A pilgrim prays in Lourdes, France on September 14, 2008/Jean-Philippe Arles

France's Catholic church has unfurled a public campaign for more priests to ease a shortage amid a crisis of confidence worsened by widening allegations of clergymen sexually abusing children.

The Vatican's moral authority has been eroded by reports of sexually predatory priests and cover-ups by supervising bishops in Europe and North America, compounding a longer-term decline in piety and church attendance.

from FaithWorld:

Embarrassing Vatican letter hailing bishop who hid predator priest

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Cardinal Darío Castrillón Hoyos

As a tide of previously confidential Catholic Church documents about child sexual abuse by priests has risen over recent weeks, the Vatican has been able to say that none of them was a “smoking gun” proving it had instructed bishops to cover up the scandals. This defense looks thinner than ever with the posting of a 2001 letter by Cardinal Darío Castrillón Hoyos congratulating (yes, congratulating!) a bishop for not only hiding a self-confessed serial abuser but earning himself a criminal sentence for doing so. For more on the 2001 case, click here.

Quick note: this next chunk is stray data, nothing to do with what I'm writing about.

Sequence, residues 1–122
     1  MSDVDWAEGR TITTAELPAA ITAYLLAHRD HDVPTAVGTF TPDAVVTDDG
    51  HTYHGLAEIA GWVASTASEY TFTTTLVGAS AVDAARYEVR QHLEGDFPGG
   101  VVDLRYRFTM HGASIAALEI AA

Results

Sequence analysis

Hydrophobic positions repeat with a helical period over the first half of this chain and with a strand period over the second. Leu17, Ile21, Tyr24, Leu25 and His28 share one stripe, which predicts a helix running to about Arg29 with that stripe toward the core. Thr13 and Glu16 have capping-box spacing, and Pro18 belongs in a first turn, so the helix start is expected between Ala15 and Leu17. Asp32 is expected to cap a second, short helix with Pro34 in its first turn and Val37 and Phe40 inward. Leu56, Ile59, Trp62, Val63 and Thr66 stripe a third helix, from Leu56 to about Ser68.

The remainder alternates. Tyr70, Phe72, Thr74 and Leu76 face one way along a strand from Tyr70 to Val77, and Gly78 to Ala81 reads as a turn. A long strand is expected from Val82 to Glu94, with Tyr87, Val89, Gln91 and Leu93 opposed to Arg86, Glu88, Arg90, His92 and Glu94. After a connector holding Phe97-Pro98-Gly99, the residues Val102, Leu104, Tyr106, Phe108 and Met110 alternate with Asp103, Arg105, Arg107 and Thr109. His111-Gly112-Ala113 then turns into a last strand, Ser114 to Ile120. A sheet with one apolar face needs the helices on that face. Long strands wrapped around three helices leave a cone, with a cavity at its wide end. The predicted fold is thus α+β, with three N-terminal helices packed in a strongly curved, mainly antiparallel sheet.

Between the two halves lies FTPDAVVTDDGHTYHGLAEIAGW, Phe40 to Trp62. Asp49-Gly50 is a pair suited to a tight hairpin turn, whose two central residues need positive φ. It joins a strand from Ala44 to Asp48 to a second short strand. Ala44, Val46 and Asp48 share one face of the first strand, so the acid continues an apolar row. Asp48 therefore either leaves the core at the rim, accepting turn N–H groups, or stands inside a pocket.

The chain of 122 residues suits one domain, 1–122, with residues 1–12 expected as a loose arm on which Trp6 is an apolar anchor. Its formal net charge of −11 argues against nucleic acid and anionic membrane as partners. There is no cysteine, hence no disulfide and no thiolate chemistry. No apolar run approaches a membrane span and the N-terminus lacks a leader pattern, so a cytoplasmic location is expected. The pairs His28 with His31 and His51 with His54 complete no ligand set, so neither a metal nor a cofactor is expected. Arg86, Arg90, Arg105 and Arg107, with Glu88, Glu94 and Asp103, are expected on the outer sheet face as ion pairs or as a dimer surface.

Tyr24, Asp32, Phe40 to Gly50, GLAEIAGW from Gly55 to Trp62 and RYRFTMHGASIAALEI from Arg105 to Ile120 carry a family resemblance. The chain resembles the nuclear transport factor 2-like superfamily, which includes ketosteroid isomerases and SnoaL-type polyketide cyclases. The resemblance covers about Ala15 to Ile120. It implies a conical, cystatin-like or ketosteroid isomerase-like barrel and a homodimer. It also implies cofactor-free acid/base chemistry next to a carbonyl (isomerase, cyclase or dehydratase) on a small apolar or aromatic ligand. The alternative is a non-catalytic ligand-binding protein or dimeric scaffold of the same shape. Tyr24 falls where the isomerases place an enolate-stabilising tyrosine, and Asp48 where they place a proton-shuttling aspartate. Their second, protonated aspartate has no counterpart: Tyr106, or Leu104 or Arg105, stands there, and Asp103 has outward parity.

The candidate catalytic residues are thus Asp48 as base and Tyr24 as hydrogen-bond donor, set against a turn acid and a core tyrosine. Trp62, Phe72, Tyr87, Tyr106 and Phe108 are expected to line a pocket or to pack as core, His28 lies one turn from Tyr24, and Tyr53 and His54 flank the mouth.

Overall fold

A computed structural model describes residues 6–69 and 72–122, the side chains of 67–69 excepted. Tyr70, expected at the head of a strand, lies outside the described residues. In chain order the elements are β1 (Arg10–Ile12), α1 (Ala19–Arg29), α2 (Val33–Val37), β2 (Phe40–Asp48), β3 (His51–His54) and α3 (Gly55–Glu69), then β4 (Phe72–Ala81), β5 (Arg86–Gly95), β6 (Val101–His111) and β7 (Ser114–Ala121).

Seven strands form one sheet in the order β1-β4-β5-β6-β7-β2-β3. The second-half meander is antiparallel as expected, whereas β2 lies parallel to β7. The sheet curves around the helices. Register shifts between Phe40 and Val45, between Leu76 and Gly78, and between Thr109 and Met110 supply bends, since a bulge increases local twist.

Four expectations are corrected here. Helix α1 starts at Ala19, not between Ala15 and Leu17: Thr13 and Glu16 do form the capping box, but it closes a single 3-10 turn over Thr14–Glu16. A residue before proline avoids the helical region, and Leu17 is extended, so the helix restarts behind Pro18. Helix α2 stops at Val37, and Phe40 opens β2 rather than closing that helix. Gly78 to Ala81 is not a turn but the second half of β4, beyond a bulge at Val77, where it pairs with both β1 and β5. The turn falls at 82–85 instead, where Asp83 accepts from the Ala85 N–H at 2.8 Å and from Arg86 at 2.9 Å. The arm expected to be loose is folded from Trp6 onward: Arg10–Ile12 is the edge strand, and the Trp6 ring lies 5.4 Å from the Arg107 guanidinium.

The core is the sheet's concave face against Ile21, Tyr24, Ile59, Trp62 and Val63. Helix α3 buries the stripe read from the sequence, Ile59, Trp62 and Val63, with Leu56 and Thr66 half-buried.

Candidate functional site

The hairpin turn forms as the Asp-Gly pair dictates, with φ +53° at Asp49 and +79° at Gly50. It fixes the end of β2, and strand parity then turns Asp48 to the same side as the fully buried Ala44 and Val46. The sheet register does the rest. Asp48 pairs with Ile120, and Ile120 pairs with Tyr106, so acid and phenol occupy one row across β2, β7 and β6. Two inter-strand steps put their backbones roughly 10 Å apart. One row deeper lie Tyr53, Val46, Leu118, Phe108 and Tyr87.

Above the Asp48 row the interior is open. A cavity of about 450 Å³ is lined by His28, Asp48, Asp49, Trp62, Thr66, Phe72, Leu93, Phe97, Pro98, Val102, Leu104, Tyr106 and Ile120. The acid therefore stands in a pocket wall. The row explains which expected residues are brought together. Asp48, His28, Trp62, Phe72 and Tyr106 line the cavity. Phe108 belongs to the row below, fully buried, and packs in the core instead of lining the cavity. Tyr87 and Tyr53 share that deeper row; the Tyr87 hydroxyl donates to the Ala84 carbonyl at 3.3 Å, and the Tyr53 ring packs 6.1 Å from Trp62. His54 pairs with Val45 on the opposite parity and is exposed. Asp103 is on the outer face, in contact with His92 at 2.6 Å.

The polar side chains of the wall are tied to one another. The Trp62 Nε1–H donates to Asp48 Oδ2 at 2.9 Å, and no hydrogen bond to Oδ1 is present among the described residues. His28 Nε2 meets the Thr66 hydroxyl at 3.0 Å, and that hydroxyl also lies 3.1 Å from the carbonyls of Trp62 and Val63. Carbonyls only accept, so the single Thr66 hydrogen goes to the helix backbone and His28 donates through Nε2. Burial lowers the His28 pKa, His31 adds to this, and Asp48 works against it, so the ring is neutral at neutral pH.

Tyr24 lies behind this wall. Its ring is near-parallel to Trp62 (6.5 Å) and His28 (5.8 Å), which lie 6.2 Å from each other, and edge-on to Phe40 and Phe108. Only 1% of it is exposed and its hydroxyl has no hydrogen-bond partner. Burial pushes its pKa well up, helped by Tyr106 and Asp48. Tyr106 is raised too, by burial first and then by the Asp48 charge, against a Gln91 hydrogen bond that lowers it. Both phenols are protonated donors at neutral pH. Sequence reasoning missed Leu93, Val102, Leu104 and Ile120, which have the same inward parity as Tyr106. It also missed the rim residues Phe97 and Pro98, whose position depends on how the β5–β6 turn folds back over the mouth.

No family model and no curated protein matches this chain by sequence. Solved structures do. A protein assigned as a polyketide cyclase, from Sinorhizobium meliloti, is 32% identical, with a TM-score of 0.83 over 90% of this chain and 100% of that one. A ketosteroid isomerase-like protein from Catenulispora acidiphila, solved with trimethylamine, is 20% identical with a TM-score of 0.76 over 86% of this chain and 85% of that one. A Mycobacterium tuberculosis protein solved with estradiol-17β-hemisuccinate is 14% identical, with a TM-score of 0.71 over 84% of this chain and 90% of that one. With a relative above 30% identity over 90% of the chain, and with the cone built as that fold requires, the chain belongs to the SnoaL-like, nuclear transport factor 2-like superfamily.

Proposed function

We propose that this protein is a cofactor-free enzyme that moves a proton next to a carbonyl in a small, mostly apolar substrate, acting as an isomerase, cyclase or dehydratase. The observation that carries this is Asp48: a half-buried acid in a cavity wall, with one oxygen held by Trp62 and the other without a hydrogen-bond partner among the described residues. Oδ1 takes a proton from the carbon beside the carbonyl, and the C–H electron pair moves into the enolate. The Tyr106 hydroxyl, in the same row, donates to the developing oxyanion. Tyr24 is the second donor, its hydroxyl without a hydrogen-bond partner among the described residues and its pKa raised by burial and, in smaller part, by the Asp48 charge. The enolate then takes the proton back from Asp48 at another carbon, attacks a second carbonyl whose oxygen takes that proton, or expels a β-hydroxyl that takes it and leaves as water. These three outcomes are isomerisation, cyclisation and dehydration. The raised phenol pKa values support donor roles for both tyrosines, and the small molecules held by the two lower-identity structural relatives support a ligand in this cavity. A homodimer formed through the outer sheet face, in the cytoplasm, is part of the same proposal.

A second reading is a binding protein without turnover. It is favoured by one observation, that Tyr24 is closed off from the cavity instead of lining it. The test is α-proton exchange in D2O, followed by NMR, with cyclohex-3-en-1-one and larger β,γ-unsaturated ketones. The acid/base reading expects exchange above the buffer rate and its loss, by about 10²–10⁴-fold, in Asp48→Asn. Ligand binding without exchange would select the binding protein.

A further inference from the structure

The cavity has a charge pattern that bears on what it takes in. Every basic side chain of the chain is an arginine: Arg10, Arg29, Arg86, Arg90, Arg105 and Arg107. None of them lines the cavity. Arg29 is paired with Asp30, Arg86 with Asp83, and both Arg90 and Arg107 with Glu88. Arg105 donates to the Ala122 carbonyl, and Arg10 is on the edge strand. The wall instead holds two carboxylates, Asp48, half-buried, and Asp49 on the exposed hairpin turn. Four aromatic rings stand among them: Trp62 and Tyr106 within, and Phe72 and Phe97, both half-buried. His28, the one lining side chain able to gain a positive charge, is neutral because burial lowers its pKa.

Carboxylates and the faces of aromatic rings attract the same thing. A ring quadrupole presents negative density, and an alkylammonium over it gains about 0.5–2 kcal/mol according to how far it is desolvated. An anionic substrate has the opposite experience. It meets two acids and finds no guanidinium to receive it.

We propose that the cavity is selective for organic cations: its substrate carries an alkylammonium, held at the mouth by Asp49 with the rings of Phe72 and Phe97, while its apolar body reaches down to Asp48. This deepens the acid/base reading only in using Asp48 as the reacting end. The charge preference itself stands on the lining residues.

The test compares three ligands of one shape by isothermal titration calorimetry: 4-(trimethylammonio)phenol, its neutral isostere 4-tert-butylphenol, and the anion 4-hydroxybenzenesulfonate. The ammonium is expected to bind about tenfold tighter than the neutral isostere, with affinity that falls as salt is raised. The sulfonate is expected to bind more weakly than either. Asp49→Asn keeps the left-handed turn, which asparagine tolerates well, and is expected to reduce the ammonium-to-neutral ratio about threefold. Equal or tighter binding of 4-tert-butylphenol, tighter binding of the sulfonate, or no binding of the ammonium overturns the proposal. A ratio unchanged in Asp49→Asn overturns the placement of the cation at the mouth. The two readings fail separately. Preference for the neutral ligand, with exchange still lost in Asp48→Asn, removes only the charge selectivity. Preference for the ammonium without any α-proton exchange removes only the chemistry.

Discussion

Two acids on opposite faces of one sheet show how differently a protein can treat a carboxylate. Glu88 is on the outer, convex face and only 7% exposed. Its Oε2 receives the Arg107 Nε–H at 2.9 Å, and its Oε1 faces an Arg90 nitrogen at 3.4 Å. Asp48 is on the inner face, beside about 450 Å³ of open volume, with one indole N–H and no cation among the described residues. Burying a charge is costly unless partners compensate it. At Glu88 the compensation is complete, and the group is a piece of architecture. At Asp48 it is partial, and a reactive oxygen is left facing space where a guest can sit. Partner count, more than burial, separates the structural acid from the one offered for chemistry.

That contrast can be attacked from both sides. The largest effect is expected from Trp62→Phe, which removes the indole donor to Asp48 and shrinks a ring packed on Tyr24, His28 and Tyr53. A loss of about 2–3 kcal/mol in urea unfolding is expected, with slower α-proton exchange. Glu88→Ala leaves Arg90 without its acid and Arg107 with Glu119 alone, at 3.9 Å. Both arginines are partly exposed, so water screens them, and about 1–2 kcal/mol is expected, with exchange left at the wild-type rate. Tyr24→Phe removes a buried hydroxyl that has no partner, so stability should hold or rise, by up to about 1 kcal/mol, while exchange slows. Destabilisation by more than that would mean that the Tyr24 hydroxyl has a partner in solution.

This amazing letter, in which Castrillon Hoyos promises Bayeux Bishop Pierre Pican he will be presented as a hero to all Catholic bishops around the world, exudes the arrogant atmosphere of Church superiority that victims say they have had to battle against for years to have their grievances taken seriously. It puts forward the incredible argument that a bishop, because he has a kind of “spiritual paternity” for priests under him, is equivalent to a father who is not obliged to testify against his son. It even cites Saint Paul and the Second Vatican Council as supporting this view.